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    ZeroStack Simplifies Movement of Workloads between VMware and AWS

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    Cloud Forecast: Where It’s Been and Where It’s Heading

    One of the biggest challenges when it comes to hybrid cloud computing spanning multiple platforms is that, most of the time, the IT environments in question are very different from one another. For example, VMware may dominate the enterprise. But in the realm of the public cloud, Amazon Web Services (AWS) makes use of its own variant of the open source Kernel-based virtual machine (KVM).

    To make it simpler to move workloads between these environments, ZeroStack today added a workload migration capability to its cloud management platform that via a single click makes it possible to move workloads running on VMware ESX hypervisor to a KVM environment that makes use of application programming interfaces (APIs) defined by the open source OpenStack cloud platform.

    Steve Garrison, vice president of marketing for ZeroStack, says IT organizations want to be able to dynamically move workloads between multiple clouds based on cost and application performance requirements. Today, however, moving a workload from one cloud to another requires Herculean efforts on the part of the internal IT organization.

    “We’re making it easier to move workloads in and out of the cloud,” says Garrison.

    ZeroStack itself is delivered on a converged appliance running OpenStack that is managed via a software-as-a-service (SaaS) application that eliminates a lot of the IT infrastructure overhead associated with setting up a cloud management platform. As part of that service, the ZeroStack appliance runs an instance of KVM that also provides support for the application programming interfaces (APIs) that AWS uses. Via that appliance, an IT organization can both deploy OpenStack workloads and automate the movement of workloads between VMware and AWS, says Garrison.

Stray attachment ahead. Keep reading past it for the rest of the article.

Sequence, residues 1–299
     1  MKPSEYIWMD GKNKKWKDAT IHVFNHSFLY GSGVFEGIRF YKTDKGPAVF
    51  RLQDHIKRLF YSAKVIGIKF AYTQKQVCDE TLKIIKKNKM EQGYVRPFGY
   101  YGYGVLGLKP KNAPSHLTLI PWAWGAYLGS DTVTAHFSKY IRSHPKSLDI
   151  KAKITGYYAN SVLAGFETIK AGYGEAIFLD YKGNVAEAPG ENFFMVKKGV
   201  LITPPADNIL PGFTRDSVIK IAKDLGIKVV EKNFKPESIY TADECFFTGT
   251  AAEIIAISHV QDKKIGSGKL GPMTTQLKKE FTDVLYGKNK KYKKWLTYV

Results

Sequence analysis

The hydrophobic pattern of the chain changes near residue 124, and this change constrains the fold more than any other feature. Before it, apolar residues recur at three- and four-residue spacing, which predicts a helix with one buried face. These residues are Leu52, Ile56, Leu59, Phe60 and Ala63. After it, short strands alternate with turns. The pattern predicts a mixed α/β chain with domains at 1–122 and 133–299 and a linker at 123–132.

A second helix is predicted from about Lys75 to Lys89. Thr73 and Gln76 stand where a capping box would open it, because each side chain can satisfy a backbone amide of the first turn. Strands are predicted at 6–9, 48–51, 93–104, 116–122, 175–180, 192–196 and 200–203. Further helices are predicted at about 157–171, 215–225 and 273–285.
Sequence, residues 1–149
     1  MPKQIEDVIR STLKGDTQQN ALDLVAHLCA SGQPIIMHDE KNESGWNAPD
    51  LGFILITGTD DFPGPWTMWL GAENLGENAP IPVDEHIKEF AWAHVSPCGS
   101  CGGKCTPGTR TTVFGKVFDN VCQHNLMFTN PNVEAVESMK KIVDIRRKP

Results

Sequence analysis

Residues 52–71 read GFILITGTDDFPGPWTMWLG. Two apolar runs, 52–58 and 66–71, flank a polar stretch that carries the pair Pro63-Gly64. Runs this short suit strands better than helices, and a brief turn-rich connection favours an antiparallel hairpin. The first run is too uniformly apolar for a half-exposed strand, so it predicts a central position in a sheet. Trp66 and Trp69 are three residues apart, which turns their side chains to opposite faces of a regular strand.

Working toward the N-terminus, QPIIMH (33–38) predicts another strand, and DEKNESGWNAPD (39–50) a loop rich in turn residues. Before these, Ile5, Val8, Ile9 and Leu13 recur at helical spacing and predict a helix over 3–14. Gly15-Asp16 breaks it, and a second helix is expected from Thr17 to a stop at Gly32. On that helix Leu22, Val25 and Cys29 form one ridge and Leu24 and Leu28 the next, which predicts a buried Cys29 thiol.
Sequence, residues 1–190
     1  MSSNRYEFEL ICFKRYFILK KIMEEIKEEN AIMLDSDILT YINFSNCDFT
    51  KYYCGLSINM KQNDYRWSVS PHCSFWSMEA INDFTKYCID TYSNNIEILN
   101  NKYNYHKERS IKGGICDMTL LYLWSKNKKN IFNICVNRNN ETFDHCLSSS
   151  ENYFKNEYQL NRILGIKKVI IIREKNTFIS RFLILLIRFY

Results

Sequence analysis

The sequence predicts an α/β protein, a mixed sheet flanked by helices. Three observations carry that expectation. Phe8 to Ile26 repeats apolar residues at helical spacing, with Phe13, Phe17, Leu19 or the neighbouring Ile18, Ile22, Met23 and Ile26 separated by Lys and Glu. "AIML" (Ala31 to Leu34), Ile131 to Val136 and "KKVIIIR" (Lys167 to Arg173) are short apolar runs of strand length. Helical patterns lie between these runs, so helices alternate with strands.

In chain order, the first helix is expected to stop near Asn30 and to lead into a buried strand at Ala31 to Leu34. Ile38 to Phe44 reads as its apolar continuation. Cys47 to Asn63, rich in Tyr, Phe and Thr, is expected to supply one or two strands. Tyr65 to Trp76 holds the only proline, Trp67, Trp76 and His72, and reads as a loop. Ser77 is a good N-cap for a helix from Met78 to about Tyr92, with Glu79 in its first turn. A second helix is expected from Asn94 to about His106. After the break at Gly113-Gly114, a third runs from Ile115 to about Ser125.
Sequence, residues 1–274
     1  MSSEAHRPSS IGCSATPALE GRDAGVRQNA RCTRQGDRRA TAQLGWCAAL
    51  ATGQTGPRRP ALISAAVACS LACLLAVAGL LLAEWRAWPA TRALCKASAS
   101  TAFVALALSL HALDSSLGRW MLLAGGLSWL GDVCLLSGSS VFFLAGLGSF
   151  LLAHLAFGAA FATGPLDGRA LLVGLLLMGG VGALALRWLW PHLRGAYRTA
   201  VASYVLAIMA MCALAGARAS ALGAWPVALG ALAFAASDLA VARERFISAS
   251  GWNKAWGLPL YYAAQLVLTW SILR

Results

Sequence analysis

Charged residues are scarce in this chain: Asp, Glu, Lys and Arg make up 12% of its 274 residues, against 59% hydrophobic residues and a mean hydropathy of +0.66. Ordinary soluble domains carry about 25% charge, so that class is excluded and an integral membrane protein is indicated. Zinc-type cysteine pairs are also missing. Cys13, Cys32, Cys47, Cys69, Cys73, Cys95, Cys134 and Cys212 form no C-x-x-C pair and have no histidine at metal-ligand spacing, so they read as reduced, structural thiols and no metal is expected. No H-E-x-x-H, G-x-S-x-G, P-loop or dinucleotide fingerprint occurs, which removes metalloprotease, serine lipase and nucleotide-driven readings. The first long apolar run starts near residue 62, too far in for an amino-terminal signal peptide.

Today, most IT organizations are still managing most clouds in isolation from on-premises IT environments. But as it becomes simpler to manage the co-mingling of workloads across multiple cloud environments, interest in hybrid cloud computing should rise.

    In the meantime, IT organizations should feel free to keep their workload options open on the assumption that managing the extended enterprise in the age of the cloud is going to soon get much easier.

    Mike Vizard
    Mike Vizard
    Michael Vizard is a seasoned IT journalist, with nearly 30 years of experience writing and editing about enterprise IT issues. He is a contributor to publications including Programmableweb, IT Business Edge, CIOinsight and UBM Tech. He formerly was editorial director for Ziff-Davis Enterprise, where he launched the company’s custom content division, and has also served as editor in chief for CRN and InfoWorld. He also has held editorial positions at PC Week, Computerworld and Digital Review.

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